1. Poach the egg. [Many people have different tips and tricks on how this can best be accomplished. This is what I do: bring a small saucepan of water to a light simmer,¬†not¬†a boil; crack the egg into a small ramekin; swirl the water with a spoon to create a vortex in the center of the water; gently pour the egg into the vortex and immediately stop stirring; watch the pot to make sure it doesn’t start simmering and let the egg bathe in the water for about 4 minutes. I do not use vinegar or salt or anything else in the water, but you do you.]
  2. Assemble the salad – greens spread out on the plate, topped with the chopped veggies.
  3. Remove the egg from the water with a slotted spoon and place on a paper towel to dry briefly. Then place it on top of the salad.
  4. Drizzle the balsamic vinegar over top. Crack a lot of fresh black pepper over that. Then break open the egg and toss the salad together!
Serves 1

 

Mint & Feta Topped Eggplant

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After making¬†Minty Watermelon, Cucumber & Feta Salad last week, we had some leftover mint.¬† By “some leftover mint,” I really mean, “Did this package of mint grow exponentially more mint?” I feel like it’s pretty much impossible to use all the mint in a package and even more impossible to use all the mint that most people grow. We didn’t want to waste any of the fresh herbs, so I was exploring Pinterest this weekend for a dish that would put these ingredients to good use. After awhile I found this recipe¬†that not only required minimal shopping, using up the mint and feta, but also a mostly hands-off and healthy dinner for tonight! We were really happy with how this turned out. It’s light, but filling and flavorful! Thanks Pinterest (and Live Eat Learn) ūüôā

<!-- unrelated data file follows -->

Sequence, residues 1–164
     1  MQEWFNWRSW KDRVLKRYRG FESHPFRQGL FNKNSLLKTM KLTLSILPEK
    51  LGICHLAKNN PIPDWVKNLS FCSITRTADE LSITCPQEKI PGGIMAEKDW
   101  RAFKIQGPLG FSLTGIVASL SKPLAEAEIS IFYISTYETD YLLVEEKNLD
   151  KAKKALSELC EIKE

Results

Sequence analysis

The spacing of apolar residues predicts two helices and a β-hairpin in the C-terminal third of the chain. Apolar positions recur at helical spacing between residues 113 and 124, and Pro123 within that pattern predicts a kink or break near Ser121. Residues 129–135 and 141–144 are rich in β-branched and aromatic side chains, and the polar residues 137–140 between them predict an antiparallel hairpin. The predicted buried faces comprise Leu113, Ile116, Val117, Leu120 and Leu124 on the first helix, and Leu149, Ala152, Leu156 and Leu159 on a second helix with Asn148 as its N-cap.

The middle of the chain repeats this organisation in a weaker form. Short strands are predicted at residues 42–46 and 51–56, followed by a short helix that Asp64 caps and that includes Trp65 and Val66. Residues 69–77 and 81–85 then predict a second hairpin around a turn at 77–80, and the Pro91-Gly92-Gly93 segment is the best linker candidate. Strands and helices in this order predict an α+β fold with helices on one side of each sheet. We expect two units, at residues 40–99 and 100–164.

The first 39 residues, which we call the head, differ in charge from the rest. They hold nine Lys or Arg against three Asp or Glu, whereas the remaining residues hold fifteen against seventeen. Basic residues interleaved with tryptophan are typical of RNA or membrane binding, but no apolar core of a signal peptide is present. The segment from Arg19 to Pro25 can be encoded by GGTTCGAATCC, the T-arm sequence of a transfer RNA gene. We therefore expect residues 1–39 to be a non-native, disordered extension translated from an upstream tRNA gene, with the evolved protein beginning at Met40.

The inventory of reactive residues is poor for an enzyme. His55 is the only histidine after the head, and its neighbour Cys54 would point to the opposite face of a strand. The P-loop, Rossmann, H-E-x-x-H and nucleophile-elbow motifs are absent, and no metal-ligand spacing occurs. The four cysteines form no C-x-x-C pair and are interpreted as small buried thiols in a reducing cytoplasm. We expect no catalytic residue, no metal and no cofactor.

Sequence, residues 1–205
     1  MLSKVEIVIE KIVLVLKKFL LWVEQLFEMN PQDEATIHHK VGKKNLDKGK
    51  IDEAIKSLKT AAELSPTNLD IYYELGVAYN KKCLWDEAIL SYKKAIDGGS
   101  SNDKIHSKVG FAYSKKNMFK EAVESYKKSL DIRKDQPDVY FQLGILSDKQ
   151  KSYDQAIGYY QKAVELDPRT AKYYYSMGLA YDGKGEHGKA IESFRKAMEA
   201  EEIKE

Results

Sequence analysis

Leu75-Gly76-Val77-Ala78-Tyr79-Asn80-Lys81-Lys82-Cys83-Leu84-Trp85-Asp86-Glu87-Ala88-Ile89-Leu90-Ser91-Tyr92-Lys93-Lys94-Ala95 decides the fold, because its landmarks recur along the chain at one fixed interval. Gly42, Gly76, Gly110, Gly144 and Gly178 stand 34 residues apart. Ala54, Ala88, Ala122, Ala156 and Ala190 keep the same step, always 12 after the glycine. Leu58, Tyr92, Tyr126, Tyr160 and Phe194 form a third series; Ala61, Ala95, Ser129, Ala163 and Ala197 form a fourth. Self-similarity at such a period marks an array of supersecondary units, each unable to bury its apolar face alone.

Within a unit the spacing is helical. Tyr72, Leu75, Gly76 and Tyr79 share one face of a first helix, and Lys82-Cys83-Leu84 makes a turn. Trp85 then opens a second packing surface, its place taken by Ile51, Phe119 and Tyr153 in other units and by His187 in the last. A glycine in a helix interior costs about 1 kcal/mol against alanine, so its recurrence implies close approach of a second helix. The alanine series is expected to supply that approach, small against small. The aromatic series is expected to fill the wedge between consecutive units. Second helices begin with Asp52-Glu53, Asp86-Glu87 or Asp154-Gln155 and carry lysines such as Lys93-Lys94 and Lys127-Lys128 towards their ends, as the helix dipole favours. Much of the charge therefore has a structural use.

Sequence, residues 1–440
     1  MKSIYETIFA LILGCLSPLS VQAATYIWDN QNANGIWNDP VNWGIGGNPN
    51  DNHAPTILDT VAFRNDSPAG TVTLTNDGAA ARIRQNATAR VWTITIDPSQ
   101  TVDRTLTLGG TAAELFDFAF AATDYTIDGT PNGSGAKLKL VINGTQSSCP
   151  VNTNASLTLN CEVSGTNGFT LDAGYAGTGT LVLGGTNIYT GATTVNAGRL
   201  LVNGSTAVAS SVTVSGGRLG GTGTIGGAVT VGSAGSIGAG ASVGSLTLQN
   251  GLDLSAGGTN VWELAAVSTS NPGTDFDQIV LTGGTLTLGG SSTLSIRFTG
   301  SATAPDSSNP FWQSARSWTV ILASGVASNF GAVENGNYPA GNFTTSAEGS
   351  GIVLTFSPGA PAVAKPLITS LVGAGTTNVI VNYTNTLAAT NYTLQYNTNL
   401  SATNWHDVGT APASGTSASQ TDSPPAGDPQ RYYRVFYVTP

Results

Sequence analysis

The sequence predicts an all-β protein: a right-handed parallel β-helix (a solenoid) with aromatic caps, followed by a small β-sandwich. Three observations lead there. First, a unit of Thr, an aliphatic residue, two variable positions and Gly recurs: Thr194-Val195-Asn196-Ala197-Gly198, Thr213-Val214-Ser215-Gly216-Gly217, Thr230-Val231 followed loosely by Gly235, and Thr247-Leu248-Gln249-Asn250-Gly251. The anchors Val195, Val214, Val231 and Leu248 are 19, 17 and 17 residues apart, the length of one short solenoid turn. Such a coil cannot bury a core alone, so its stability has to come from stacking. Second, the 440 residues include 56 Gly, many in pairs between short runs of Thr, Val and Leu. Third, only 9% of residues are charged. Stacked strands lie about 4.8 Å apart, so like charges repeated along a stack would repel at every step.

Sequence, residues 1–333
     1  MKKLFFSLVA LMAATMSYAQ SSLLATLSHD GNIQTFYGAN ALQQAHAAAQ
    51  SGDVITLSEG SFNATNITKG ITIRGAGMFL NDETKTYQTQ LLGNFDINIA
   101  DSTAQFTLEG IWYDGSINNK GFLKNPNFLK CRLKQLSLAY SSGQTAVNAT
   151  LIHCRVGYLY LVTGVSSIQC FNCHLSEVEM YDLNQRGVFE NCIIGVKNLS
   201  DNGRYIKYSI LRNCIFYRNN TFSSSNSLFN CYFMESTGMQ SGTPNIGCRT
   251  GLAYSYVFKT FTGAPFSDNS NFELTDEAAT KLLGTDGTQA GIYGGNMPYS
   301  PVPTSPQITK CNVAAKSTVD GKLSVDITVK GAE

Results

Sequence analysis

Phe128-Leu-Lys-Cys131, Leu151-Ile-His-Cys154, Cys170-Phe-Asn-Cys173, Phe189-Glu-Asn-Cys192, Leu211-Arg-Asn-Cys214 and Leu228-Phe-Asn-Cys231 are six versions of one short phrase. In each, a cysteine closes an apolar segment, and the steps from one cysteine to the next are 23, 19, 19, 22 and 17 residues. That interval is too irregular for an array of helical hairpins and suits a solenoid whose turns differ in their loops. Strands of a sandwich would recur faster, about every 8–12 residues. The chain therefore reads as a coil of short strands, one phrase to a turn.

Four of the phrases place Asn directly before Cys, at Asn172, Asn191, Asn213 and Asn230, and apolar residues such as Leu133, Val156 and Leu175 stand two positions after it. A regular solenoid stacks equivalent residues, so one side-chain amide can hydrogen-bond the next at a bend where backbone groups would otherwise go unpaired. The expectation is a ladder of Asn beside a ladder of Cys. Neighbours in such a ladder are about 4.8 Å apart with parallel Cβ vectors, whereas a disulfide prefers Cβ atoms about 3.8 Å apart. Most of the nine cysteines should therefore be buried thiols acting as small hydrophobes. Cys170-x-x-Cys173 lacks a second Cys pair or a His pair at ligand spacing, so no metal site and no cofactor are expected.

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Mint & Feta Topped Eggplant

(Adapted from Live Eat Learn blog)
Ingredients:
  • 1 large eggplant
  • 3 tbsp olive oil, divided
  • Fresh ground black pepper
  • 3 heaping tbsp fresh mint, chopped
  • 2 cloves garlic, minced
  • 1 tbsp lemon juice
  • 1/4 cup feta cheese, chopped
  • 1/2 tsp Aleppo pepper
Instructions: